Another in our series of new transcriptions of contemporary articles on the Leo Frank case.
Thursday, May 22nd, 1913
Understood That Cases Will Be Brought Separately, With One Accused as Accomplice.
Solicitor General Hugh M. Dorsey announced Thursday afternoon that he was prepared to go before the Grand Jury Friday morning with his strongest evidence in the case of Leo M. Frank and Newt Lee, held in connection with the murder of Mary Phagan.
Although Mr. Dorsey would not discuss the form in which the cases would be presented, it was reliably stated they would be heard separately and the charge against one would be that he was an accessory to the fact.
Neither of the defendants will go before the jury. Mr. Dorsey said that in the event any move was made to introduce evidence for the defense he was prepared to block it. He said he had looked up Supreme Court decisions on this question, because when the Grand Jury was asked to indict Dr. W. H. Gillem for beating W. H. Johnson the jury in his absence had allowed Dr. Gillem to come before it, which, he said, was contrary to all law.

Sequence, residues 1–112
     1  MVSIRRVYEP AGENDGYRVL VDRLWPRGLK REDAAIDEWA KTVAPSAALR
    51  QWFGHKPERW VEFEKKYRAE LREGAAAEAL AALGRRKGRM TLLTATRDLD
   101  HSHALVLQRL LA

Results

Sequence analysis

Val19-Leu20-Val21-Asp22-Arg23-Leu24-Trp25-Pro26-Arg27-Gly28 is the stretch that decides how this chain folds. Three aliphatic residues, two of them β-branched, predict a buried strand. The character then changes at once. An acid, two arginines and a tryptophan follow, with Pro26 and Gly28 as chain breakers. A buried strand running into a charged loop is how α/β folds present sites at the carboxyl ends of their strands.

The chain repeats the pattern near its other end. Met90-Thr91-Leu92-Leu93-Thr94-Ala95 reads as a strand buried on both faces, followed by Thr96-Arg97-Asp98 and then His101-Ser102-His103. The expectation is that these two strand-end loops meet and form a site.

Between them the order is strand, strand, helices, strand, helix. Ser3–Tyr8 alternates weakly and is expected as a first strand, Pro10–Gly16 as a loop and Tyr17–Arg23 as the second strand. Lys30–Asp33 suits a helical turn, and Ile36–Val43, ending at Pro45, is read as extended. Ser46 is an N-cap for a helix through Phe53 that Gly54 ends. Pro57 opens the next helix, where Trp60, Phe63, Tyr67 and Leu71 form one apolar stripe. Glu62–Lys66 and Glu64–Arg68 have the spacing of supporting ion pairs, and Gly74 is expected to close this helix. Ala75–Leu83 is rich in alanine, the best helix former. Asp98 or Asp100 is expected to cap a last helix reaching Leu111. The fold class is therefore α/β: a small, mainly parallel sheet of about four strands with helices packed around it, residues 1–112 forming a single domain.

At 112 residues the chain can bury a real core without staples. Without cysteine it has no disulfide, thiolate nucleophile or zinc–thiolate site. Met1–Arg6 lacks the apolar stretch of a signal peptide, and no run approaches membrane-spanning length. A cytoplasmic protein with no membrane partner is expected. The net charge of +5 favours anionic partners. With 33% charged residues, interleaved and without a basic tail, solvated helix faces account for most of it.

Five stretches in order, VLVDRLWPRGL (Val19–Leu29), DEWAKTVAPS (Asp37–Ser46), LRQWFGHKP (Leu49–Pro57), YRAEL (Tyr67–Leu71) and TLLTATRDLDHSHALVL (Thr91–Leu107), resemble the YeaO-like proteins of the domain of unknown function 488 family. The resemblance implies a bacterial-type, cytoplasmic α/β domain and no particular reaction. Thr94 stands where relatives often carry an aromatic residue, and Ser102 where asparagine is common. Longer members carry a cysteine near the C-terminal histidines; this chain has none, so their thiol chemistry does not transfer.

Twelve to Govern Action.
The opinion of 12 of the 21 jurymen will govern the action of the body. There can be no minority, said the Solicitor. If 12 of the men indict or decline to indict, the other jurors have to sign the “true” or “no bill” with the 12. Eighteen of the 21 constitute a quorum. Continue Reading →